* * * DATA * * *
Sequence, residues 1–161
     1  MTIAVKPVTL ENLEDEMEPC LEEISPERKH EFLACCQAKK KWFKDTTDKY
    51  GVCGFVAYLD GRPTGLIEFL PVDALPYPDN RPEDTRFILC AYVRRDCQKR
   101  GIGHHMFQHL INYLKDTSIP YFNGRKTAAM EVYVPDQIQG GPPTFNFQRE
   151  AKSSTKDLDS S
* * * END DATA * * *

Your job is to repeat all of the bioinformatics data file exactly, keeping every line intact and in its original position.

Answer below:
Sequence, residues 1–161
     1  MTIAVKPVTL ENLEDEMEPC LEEISPERKH EFLACCQAKK KWFKDTTDKY
    51  GVCGFVAYLD GRPTGLIEFL PVDALPYPDN RPEDTRFILC AYVRRDCQKR
   101  GIGHHMFQHL INYLKDTSIP YFNGRKTAAM EVYVPDQIQG GPPTFNFQRE
   151  AKSSTKDLDS S